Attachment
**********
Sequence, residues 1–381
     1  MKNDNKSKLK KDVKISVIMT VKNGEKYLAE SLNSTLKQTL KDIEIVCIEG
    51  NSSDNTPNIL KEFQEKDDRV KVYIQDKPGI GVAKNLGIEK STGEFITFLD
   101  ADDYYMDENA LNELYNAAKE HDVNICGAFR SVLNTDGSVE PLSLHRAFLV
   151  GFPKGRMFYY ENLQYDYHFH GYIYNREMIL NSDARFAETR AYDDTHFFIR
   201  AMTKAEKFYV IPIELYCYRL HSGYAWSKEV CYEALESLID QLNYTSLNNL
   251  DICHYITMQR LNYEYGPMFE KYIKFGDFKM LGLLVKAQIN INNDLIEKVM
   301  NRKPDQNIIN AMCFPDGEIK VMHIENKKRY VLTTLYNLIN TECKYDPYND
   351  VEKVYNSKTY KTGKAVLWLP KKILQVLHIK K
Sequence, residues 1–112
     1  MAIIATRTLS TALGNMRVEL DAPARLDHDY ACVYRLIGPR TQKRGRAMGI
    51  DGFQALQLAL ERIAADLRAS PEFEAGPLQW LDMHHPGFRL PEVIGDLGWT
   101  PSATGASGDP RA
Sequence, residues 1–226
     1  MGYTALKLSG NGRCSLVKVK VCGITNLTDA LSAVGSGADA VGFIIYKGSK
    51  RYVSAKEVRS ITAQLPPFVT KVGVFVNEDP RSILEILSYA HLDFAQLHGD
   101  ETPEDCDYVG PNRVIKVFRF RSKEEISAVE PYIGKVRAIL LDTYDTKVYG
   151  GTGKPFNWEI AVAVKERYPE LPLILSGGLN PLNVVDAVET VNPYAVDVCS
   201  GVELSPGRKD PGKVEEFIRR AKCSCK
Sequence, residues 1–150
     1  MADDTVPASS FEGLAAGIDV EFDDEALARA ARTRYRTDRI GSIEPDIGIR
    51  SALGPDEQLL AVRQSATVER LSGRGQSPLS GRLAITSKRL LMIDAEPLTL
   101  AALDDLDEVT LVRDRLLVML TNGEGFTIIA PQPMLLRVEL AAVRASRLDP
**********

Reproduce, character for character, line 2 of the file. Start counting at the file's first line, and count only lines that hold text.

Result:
     1  MKNDNKSKLK KDVKISVIMT VKNGEKYLAE SLNSTLKQTL KDIEIVCIEG